Showing posts from September, 2012

Butterfly Dreams

The province of Monteregie is nicknamed the "Garden of Quebec" for a very obvious reason.  The area is filled with lovely pastoral landscapes of vineyards, orchards and artisan farms. But an unexpected bit of bucolic wonder was the butterfly aviary tucked inside of Ferme Guyon farm and horticulture center. A hundred species of butterflies float around in the specially created ecosystem and I tried to spot as many as I could. It was tricky, they fly away quickly and their wings blend in with plant leaves. After a few tries, I discovered that it's best to sit still and let them fly near you. Before I knew it, a toffee-colored butterfly was relaxing on my purse. And then another came to rest on my bright blue pants leg. As visitors bustled around  furiously snapping pix, I grabbed the best images of all just by being still. I think there's a lesson in that somewhere...

Expanding Experiences With The Passport Party Project

Volunteering and giving back has always been an important part of my life. I've participated in several travel blogger charity events but I don't think I've experienced so much glee to give back as I did at The Passport Party Project .  The event is a global awareness initiative that gifts 10 passports to undeserved girls in 10 cities across the U.S. Travel blogger Tracey Friley of One Brown Girl gathers travel bloggers in every city to volunteer and guide girls into the expansive world of traveling.  So it was a given that when the event landed in my city of Chicago, I was totally there. The party kicks off in the morning and we lined a table with supplies to create personal travel vision boards. Of course, no party is complete in my book unless there is quality sugar involved.  These cupcakes represent a range of flavors and nations. We provided encouragement for the girls with tales of our travels, a show & tell session and lots of silly  travel pho

Monteregie Culture In A Bottle

Canada is famous for its sweet and smooth ice wine but in Monteregie, I discovered that there is also ice cider. And not the kind that is basically apple juice. Rolling up into La Face Cachee de la Pomme (The hidden side of the apple) cidrerie, I was greeted by apple orchards covered with rosy apples. Some varieties, like Fuji and Gala, stay on the trees until January, so that the cold and wind whip the insides into a concentrated taste. The frozen apples are picked when it's about 15 degrees below zero and the insides have been dehydrated and all that's left is nectar. Aged ice cider is stored in these barrels, La Face Cachee is a pioneer in ice cider and produces 10 different varieties. The founding president of La Face Cachee, Francois Pouliot, ditched his film video career where he worked with musicians like Celine Dion, to develop ground-breaking ice ciders. The ciders or apple ice wines as they are sometimes called, range from 8% -18% alcohol levels and must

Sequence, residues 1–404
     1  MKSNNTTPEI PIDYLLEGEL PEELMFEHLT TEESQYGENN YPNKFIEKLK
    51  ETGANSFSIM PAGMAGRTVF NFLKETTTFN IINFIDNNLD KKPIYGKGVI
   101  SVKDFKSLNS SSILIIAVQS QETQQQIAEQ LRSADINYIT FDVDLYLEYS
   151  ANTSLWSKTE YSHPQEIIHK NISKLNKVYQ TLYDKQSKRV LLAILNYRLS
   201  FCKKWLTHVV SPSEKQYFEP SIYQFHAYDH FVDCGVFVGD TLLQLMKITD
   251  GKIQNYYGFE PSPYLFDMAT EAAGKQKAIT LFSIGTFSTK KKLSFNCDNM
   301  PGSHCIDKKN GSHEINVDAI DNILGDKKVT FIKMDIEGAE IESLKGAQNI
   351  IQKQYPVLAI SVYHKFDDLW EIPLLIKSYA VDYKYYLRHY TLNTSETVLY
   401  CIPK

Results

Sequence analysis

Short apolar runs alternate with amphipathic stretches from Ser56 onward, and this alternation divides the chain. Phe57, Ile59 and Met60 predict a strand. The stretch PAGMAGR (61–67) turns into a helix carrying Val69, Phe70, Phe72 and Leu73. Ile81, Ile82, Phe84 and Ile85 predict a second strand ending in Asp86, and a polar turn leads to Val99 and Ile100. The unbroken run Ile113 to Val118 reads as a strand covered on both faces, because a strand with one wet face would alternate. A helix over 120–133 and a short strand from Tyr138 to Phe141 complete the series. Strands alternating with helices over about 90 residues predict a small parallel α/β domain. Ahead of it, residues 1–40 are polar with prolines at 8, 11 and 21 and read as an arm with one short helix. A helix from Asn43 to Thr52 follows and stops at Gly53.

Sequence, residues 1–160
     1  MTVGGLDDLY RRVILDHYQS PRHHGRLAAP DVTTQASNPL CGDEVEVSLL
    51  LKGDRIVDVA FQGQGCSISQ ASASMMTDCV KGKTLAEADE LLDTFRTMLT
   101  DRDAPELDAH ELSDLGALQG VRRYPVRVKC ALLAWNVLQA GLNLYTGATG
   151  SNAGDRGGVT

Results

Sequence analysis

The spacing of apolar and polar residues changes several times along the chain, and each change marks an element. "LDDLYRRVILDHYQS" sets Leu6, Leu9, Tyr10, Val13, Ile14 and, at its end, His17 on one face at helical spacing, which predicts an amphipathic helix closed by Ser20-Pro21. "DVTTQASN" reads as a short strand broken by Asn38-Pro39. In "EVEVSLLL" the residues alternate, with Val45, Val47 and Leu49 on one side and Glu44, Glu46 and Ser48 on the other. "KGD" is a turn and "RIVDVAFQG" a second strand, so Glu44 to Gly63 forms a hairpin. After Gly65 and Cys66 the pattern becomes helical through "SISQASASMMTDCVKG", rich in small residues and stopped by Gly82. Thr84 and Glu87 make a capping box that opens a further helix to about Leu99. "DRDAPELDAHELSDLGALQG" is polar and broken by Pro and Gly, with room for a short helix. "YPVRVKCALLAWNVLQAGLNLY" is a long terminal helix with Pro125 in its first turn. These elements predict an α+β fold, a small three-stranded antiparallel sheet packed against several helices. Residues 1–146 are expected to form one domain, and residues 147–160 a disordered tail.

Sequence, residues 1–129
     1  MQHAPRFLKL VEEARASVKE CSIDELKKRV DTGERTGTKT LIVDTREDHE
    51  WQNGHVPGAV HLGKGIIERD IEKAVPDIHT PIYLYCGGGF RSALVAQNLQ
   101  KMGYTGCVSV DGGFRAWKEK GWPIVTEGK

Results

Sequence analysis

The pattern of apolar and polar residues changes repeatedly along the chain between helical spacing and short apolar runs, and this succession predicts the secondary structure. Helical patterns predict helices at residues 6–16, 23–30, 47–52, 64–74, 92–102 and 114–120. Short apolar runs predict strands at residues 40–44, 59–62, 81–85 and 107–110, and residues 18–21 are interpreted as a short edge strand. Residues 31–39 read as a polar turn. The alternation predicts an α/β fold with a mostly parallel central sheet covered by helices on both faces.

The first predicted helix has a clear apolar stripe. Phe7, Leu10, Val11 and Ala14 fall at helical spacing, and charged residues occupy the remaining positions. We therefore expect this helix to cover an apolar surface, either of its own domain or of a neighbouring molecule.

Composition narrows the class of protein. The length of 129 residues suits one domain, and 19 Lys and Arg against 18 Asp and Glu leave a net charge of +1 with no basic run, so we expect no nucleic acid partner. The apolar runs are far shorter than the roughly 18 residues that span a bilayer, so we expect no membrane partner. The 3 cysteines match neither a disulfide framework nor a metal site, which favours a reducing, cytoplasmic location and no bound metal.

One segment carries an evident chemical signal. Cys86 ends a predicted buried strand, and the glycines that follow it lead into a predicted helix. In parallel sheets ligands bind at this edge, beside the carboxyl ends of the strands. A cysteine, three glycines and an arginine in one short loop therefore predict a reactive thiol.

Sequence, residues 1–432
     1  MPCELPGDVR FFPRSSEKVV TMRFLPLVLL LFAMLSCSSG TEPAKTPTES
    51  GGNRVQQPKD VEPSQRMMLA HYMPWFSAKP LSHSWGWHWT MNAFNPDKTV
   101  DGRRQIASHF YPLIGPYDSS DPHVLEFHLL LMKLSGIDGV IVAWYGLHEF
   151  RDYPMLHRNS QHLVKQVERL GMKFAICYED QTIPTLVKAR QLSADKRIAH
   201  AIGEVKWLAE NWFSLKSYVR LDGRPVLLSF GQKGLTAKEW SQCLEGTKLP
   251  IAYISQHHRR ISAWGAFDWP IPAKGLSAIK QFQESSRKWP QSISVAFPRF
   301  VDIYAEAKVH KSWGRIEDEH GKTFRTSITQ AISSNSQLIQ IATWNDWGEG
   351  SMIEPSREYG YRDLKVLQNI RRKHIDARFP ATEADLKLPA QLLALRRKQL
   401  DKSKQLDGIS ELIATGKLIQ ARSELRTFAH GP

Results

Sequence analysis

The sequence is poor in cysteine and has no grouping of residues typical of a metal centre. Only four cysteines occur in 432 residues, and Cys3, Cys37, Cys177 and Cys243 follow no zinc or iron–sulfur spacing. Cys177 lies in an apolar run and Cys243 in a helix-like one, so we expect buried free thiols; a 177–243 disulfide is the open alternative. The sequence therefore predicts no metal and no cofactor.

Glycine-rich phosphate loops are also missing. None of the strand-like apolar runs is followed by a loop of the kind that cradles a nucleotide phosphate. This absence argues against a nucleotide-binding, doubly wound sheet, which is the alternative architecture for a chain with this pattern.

A Quebecois Taste of Spain & England

Noted for its free-spirited blend of cultures, Canada is a country that I always enjoy visiting for that very reason. But I have to admit my surprise when I rolled into the village of Hemingford in the rural region of Monteregie, Quebec, to discover that a British pub was the most popular dining spot. Quebec is so very French that I didn't expect such an Anglophile outpost. Equipped with stocks of ale (listed in French of course) and legendary fish and chips, I thought Witsend  Resto Pub was a quaint anomaly in a haven of French culture. Then I spotted this sign, above. I'm a big fan of sangria but never in all of my travels, have I ever heard of green sangria. The waitress shot me an incredulous look. Apparently, green sangria is the thing in Quebec and I was missing out. What makes the sangria so quintessentially Quebecois is the little fact that it's made from apple ice wince harvested at an orchard just a few miles away. The taste was smooth and fruity with